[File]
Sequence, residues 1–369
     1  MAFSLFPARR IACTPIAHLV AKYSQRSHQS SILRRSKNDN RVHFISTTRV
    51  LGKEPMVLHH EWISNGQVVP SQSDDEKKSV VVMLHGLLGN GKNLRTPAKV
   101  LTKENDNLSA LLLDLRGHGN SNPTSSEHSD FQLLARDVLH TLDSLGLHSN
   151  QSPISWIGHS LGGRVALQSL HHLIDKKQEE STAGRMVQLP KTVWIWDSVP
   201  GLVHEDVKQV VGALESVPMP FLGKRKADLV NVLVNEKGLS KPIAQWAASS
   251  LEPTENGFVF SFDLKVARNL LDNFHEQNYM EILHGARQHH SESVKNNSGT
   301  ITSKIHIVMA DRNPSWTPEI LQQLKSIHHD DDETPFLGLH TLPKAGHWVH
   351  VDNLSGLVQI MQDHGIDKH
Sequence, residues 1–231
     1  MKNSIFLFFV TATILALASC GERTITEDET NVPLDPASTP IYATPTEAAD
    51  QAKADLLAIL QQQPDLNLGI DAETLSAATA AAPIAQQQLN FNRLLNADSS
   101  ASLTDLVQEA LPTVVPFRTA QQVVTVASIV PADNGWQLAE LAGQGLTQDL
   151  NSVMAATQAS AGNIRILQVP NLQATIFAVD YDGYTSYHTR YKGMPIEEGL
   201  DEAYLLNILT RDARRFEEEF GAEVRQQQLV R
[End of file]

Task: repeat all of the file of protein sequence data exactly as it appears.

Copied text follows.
Sequence, residues 1–369
     1  MAFSLFPARR IACTPIAHLV AKYSQRSHQS SILRRSKNDN RVHFISTTRV
    51  LGKEPMVLHH EWISNGQVVP SQSDDEKKSV VVMLHGLLGN GKNLRTPAKV
   101  LTKENDNLSA LLLDLRGHGN SNPTSSEHSD FQLLARDVLH TLDSLGLHSN
   151  QSPISWIGHS LGGRVALQSL HHLIDKKQEE STAGRMVQLP KTVWIWDSVP
   201  GLVHEDVKQV VGALESVPMP FLGKRKADLV NVLVNEKGLS KPIAQWAASS
   251  LEPTENGFVF SFDLKVARNL LDNFHEQNYM EILHGARQHH SESVKNNSGT
   301  ITSKIHIVMA DRNPSWTPEI LQQLKSIHHD DDETPFLGLH TLPKAGHWVH
   351  VDNLSGLVQI MQDHGIDKH
Sequence, residues 1–231
     1  MKNSIFLFFV TATILALASC GERTITEDET NVPLDPASTP IYATPTEAAD
    51  QAKADLLAIL QQQPDLNLGI DAETLSAATA AAPIAQQQLN FNRLLNADSS
   101  ASLTDLVQEA LPTVVPFRTA QQVVTVASIV PADNGWQLAE LAGQGLTQDL
   151  NSVMAATQAS AGNIRILQVP NLQATIFAVD YDGYTSYHTR YKGMPIEEGL
   201  DEAYLLNILT RDARRFEEEF GAEVRQQQLV R